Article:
Hillary Clinton a Corrupt Liar
Hillary Clinton is a liar, corrupt and a traitor to America.
Out of the frying pan and into the fire. On July 6, Attorney General Loretta Lynch announced that the Justice Department would not pursue criminal charges against the presumptive Democratic presidential nominee for her use of a private email server at the State Department. But the following day, with that criminal investigation closed, the State Department reopened its own probe into the emails, the AP reported.
State Department spokesman John Kirby told the AP that it would be looking at potential mishandling of classified information by Hillary Clinton and her top aides. Former officials could face administrative sanctions, including a loss of their security clearances—a step that would be both politically embarrassing for Clinton, and complicate efforts to staff a national-security team should she prevail in November.
It’s a reminder that although the result of the criminal investigation was more or less a foregone conclusion after FBI Director James Comey’s July 5 recommendation that Clinton not be charged with any crimes over her use of a private email server while secretary of state, it didn’t deliver the absolution Clinton might have liked.
Comey had harsh words for her conduct. “Although we did not find clear evidence that Secretary Clinton or her colleagues intended to violate laws governing the handling of classified information, there is evidence that they were extremely careless in their handling of very sensitive, highly classified information,” Comey said.
Contrary to her claim that she never sent or received information that was classified at the time, the FBI found 110 emails to have contained classified information when sent or received. While Comey said there was no direct evidence that Clinton’s emails had been hacked, he said, “Any reasonable person in Secretary Clinton’s position … should have known that an unclassified system was no place for that conversation.”
These statements are damning commentaries on Clinton’s judgment, and they contradict her assertions about the account. While Comey said there was not evidence to support a prosecution, Republicans have reacted with outrage to the announcement. Comey and Lynch have both been called to appear before House committees. Speaker Paul Ryan has asked that Clinton be denied classified briefings.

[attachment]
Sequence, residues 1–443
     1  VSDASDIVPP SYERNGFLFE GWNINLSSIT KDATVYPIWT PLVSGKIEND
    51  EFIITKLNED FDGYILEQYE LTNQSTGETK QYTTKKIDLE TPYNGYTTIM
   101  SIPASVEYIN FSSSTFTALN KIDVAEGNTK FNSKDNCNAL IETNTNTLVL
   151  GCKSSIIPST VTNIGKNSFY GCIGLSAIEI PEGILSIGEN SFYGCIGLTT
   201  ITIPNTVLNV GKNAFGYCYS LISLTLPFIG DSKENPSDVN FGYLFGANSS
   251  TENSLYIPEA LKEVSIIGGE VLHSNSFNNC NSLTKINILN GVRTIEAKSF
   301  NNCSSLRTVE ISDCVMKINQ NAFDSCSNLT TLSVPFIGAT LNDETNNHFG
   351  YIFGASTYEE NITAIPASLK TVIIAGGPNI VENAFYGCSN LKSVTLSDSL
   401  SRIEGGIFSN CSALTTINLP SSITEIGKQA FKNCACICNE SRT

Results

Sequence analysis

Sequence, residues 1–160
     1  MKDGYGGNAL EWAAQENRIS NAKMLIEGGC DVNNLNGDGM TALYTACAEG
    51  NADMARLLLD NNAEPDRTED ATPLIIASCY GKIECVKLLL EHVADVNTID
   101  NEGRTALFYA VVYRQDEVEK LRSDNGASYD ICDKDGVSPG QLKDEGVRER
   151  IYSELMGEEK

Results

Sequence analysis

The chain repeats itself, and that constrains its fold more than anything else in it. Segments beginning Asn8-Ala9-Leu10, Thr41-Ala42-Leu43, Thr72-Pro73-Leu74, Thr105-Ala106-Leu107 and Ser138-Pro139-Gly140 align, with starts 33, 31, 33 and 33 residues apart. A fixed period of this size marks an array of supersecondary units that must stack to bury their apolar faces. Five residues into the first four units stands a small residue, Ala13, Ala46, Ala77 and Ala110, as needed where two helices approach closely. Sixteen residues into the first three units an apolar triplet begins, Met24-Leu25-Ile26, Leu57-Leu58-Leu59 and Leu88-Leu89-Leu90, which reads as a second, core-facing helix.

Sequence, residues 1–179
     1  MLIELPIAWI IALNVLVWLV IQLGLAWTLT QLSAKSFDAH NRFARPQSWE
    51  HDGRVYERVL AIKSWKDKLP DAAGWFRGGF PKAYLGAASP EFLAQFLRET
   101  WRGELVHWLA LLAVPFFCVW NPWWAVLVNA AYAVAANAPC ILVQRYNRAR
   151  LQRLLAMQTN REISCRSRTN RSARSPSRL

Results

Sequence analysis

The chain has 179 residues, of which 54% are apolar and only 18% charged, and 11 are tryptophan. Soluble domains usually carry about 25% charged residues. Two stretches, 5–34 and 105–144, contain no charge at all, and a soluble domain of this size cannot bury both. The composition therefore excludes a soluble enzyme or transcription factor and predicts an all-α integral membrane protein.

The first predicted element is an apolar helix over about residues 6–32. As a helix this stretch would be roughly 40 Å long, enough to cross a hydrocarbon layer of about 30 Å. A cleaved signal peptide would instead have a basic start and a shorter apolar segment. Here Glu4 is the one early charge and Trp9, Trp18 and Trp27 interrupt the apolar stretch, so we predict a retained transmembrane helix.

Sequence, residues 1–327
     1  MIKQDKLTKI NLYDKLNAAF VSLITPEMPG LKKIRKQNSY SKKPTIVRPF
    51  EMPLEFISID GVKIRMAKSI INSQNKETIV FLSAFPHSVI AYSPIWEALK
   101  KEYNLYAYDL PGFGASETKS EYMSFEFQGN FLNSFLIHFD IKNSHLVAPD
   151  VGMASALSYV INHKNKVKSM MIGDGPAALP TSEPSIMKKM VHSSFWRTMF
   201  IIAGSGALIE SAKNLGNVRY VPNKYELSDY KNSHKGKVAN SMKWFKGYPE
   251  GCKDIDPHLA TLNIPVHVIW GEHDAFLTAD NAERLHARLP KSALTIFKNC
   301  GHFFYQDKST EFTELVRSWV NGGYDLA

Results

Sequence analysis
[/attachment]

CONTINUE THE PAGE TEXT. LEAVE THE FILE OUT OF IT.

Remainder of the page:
In the season of Trump, it’s provided the rarest of things: a moment for Republicans to rally around a shared cause. And for Clinton, a candidate who already struggles with high unfavorability and low marks for trustworthiness, the results compound her troubles. Some have portrayed this as an example of the old axiom that it’s not the crime but the cover-up, and it’s true that Clinton’s insistence that she didn’t send classified info will not serve her well, but the damage was done with the server—even if there was no crime committed.
Still, as bad as Comey’s remarks were for Clinton, let’s not overstate the matter. The worst outcome for Clinton, however remote most experts believed it to be, would have been a recommendation that Clinton be charged. Even if Lynch had rejected the suggestion, it could have been fatal to Clinton’s campaign. That’s the second good break for Clinton in two weeks. On June 28, the House committee investigating the deaths of four Americans in Benghazi, Libya, on September 11, 2012, released its report, which was critical of American preparedness but found no evidence of negligence by Clinton herself on the night of the attacks.
Taken together, the results of these two investigations remove two of the most acute dangers dangling over Clinton’s head.
The Benghazi investigation, and the email scandal that grew out of it, were the two live scandals that seemed most likely to imperil her campaign. What remains for her to grapple with now is the chronic pain that comes from an accretion of decades of scandals that have led many Americans to distrust both Clinton and her husband Bill. Even though many of the controversies have involved far more smoke than fire—and sometimes no fire at all—the damage is real.
Although the House investigation turned up no evidence of wrongdoing on her part with respect to the attacks themselves, it was during that inquiry that her private-email use became public. This is a pattern with the Clinton family, which has been in the public spotlight since Bill Clinton’s first run for office, in 1974: Something that appears potentially scandalous on its face turns out to be innocuous, but an investigation into it reveals different questionable behavior. The canonical case is Whitewater, a failed real-estate investment Bill and Hillary Clinton made in 1978. Although no inquiry ever produced evidence of wrongdoing, investigations ultimately led to President Clinton’s impeachment for perjury and obstruction of justice.
With Hillary Clinton leading the field for the Democratic nomination for president, every Clinton scandal—from Whitewater to the State Department emails—will be under the microscope. (No other American politicians—even ones as corrupt as Richard Nixon, or as hated by partisans as George W. Bush—have fostered the creation of a permanent multimillion-dollar cottage industry devoted to attacking them.)
Keeping track of each controversy, where it came from, and how serious it is, is no small task, so here’s a primer. We’ll update it as new information emerges.